Disenfranchised grief, where the loss or grief is not recognised by another. The circumstance of the person needs to be considered, if someone is part of a family grieving the loss of a pet there is a social support to help the process, this is different for those that might live alone with their pet (Archer and Winchester, 1994). There is still an attitude of ‘it’s only a pet’, ‘you will get over it’, ‘get another pet’, none of these are anyway helpful when listening to or engaging with people who have a lost a pet, the first step should always be to gauge the magnitude of the loss and what this means to someone (Pointon, 2006). There have been changes in veterinary school to be more focused on the pet-human bond, and counselling for pet loss has been recognised as a need and being brought into vet services (Barker and Barker, 2015). Veterinary schools have also started to increase curriculum time focusing on the human-canine bond (McCulloch, 1985).
A pet bereavement, depending on the reliance and enmeshment of the pet and pet owner, could spark an existential crisis, this is more relevant in the case of elderly people or those living alone with their pet. Weeks et al (2001) suggest each of us assigns narrative to all relationships in our lives, the pet-human relationship in included in this, they go further and state to understand the meaning of the relationship it’s imperative that the narrative, and the assigned meaning of the narrative is understood.
Many therapists are ill-equipped to deal with the devastating impact of the loss of an animal companion, pet bereavement is a very specific type of loss (Pointon, 2006). It is important to refer to the pet as an individual, this is reflective of how the client see’s their pet and will ensure an emphatic appreciation has been achieved (Sirois, n.d.). Societal norms do not always permit the appropriate expression of grief over the loss of the pet (Hall et al., 2004). Due to not generally being acceptable pet bereavement can be supressed, only to re-surface when working to process another loss or trauma, such as the loss of job, a parent or a divorce as these or seen as more socially acceptable (Pointon, 2006; Walsh, 2009). Clients can be assisted by offering way to memorialise and honour their pet and assisted through funerals and burial ceremonies (Sirois, n.d.). Psychotherapists who “acknowledge and validate the implication of pet loss will help to re-enfranchise and undervalued fried” (Cordaro, 2012).
Death, whilst it can be traumatic, may be the beginning of the greatest growth through understanding, love and faith (Kubler-Ross, 1995). Throughout Kubler-Ross’s writings, she maintains that death is a part of life; it is a stage of great potential growth. Kubler-Ross posited that dying, and accepting death, underwent five stages: denial, anger, bargaining, depression, and acceptance. The five-stage model was introduced as a paradigm of how the dying grieved, however this was later amended to included grieving the loss of another noting that families of the dead went through a similar grieving process as the departed (O’Rourke 2010). The five-stage model, also known as the grief cycle (Chapman, 2013), was never meant to be a rigid mode for which people excel through grief, instead it is a journey.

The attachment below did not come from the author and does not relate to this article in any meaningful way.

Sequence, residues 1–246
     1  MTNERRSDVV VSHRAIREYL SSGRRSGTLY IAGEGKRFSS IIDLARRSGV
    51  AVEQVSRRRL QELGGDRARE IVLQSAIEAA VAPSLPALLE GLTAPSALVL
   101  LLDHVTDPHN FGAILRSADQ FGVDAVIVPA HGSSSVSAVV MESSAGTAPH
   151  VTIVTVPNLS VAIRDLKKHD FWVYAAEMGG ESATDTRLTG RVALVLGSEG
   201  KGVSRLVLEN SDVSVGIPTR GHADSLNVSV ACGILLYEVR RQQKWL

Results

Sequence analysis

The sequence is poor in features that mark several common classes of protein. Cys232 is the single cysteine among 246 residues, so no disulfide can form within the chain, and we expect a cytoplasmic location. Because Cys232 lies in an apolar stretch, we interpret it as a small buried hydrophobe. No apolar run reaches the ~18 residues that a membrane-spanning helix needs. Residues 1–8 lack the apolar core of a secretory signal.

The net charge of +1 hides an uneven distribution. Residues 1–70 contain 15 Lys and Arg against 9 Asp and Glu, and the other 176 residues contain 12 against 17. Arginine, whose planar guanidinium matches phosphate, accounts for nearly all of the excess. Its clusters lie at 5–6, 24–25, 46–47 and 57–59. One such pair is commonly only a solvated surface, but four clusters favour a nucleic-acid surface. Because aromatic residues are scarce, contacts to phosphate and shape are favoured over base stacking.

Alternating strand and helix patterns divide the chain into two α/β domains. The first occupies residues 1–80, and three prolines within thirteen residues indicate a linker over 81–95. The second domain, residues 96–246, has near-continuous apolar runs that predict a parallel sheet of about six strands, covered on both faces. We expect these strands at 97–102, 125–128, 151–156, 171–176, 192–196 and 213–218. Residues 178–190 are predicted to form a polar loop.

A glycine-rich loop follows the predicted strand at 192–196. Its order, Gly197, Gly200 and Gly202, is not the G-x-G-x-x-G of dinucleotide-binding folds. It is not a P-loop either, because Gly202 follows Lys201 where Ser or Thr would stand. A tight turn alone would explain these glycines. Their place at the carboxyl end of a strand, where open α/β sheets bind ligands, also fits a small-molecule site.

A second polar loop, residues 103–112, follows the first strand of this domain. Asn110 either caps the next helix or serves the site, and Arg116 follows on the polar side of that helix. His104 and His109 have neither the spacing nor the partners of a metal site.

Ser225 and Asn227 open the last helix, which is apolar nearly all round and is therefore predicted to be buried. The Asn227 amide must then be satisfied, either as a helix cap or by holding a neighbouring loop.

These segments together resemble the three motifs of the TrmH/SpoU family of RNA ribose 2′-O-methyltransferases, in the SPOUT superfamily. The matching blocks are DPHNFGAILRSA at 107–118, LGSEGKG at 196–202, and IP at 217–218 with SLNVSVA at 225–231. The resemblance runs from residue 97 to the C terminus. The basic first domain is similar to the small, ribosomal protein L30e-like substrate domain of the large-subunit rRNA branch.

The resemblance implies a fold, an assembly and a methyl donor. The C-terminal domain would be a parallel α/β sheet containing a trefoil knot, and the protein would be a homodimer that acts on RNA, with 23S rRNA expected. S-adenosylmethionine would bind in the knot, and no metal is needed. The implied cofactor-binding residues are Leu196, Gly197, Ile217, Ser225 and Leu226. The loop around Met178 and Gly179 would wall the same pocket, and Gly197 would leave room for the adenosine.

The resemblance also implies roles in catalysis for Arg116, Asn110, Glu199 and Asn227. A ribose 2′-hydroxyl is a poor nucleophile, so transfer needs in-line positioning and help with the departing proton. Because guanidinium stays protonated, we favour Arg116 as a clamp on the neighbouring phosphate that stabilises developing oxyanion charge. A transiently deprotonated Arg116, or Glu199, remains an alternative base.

To successfully come to terms with pet death and bereavement Kubler-Ross recognised that people needed to pass through the stages in their own way, and at their own pace (Chapman, 2013). According to (Kubler-Ross & Kessler, 2014) the stages merely allow us to frame and identify what we are feeling through the process of stage. Each of the stages can be for a brief or extended period; they can also be interchangeable and not happen in a linear fashion (Pass, 2006). There are similarities between Bowlby’s stages of bereavement and Kubler-Ross’s five-stage model. Bowlby’s interpretation outlines Numbing as stage one, then as stage two yearning, searching and anger and stages three and four disorganisation and despair: Reorganisation (Holmes, 2014). Through identifying our own attachment style we may be able to get a greater understanding of our grief when we lose a pet.
Throughout this article I refer to the ‘pet ownership’, this is done respectfully but I am aware of the difference between owning a car/house and a pet. Pets are seen, by and large, as extensions of the family ergo, the grief and loss are not the same for a pet as it is for a car etc (Archer and Winchester, 1994). It is important that everyone who is facing the loss of a pet is allowed to use their voice to share their own experience, meaning and impact of the loss they are facing. As therapist, and as people, it is our jobs to be kind, to listen and if we can, to help people in their hour of need.
In short the loss of a pet hits many areas of our lives, our routine is disputed, our hearts are broken, our need for love and belonging is shattered. The loss of a pet cannot be underestimated, and whilst society has not yet caught up with this ‘new’ family we will get to the point where sharing this grief will be more acceptable, tolerated and supported so that those facing this loss feel less isolated and are assisted in their grief.
For more information on the Pet Bereavement Support group please click HERE